The document type tells the browser how to interpret the tags. Including a document type tag is not
strictly necessary, but if you’re trying to get into good HTML habits from the get-go, you’ll want to
make sure it’s included.
When creating an HTML5 document, the first line of the document should be this tag:
<!DOCTYPE html>
The DOCTYPE tag always begins with an exclamation point and is always placed at the beginning
of the document, before any other tag. Most HTML tags are not case-sensitive, but the word
DOCTYPE should always be uppercase.
Using the DOCTYPE tag is like signing a contract. It is an optional tag, but when you use it, you
are promising that your coding will conform to certain standards. When a web browser encounters a
DOCTYPE tag, it processes the page in standards mode. When it doesn’t encounter the DOCTYPE tag,
it can’t assume that the page conforms to a standard, so it processes the page in quirks mode. When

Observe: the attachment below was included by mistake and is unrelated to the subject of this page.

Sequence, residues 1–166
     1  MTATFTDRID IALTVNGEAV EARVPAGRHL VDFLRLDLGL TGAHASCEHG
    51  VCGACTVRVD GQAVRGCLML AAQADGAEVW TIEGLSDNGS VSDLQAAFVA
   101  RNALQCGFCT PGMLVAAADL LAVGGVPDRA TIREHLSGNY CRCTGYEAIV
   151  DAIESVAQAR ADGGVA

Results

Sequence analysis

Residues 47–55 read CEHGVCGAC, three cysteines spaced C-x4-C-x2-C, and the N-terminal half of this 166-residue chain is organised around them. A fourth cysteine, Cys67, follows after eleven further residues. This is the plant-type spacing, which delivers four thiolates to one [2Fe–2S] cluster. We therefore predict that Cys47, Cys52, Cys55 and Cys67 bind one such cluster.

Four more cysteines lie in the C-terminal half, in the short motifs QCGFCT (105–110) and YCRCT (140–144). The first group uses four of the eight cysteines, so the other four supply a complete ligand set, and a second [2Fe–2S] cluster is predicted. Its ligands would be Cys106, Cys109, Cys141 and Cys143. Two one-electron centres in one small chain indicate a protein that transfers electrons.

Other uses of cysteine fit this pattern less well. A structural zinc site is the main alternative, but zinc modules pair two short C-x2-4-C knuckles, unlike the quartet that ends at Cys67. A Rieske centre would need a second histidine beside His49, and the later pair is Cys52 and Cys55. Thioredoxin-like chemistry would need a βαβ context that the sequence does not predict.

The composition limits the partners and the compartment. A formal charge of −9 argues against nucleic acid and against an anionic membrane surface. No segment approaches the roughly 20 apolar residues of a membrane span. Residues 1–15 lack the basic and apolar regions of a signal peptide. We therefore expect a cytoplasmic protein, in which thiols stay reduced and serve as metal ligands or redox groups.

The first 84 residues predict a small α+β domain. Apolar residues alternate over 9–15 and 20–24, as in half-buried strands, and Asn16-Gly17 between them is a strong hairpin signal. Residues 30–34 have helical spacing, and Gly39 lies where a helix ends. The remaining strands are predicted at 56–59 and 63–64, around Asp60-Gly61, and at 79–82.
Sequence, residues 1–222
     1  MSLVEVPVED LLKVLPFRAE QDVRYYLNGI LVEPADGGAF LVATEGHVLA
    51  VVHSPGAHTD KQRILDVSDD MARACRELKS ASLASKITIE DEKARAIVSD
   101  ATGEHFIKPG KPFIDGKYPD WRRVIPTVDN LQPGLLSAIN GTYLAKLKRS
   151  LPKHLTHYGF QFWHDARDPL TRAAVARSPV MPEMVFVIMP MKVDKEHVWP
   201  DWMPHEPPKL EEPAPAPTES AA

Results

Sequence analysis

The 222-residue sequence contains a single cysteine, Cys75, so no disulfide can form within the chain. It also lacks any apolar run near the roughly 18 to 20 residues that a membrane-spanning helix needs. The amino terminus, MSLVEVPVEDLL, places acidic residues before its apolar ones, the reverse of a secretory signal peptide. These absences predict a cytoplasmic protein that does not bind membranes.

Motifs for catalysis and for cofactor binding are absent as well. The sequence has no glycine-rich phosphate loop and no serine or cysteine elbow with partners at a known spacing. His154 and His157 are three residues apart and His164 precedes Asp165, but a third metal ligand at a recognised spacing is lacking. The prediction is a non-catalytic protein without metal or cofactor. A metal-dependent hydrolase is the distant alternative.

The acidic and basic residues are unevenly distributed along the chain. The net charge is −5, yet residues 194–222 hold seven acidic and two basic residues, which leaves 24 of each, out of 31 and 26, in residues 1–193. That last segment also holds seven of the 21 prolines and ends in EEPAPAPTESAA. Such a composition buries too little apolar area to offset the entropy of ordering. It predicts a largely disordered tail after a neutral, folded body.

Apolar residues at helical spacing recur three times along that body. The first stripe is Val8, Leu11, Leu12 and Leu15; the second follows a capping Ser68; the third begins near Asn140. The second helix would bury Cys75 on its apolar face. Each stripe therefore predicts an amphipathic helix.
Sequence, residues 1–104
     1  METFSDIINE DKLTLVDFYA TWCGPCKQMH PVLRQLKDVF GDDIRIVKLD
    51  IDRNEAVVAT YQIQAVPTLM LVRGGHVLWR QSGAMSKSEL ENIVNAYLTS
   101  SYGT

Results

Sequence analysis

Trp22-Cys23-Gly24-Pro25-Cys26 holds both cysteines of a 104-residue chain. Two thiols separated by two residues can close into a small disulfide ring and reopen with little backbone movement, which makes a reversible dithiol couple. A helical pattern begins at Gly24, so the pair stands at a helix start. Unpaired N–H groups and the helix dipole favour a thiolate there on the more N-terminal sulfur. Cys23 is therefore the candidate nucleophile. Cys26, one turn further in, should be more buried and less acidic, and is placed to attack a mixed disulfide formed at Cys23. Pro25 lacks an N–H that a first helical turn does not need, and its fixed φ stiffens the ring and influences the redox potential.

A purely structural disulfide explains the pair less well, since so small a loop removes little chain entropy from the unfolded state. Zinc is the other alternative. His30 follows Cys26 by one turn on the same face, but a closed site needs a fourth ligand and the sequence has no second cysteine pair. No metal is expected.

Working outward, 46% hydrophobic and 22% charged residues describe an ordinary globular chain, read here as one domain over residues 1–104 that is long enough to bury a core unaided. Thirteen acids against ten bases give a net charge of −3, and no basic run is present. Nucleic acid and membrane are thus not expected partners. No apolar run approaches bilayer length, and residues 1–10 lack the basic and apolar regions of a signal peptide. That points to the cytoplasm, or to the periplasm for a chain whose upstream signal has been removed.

the browser sees the tag <!DOCTYPE html>, it assumes you are using HTML5.
The distinction between standards mode and quirks mode came about in earlier days, when there
were problems with standardization between web browsers. With some browsers, to display pages
properly, you needed to get a little creative with the HTML code. Modern HTML coding does not allow
that, but some older pages still include these obsolete workarounds. By using the DOCTYPE tag,
you are making a promise to the web browser that there is nothing but pure HTML code in the page.
(And, since I’m teaching you to do everything the right way, that’s a reasonable promise you can
make.)
Earlier versions of HTML used more complex DOCTYPE tags. If you were using HTML 4.01, for
example, the syntax for the tag would be:
<!DOCTYPE HTML PUBLIC “-//W3C/DTD HTML 4.01 Transitional//EN” “http://www.w3.org/TR/
html4/loose.dtd”>
And, if you were using XHTML, the syntax for the tag would be:
<!DOCTYPE HTML PUBLIC “-//W3C/DTD XHTML 1.0 Transitional//EN” “http://www.w3.org/TR/
xhtml1/DTD/xhtml1-transitional.dtd”>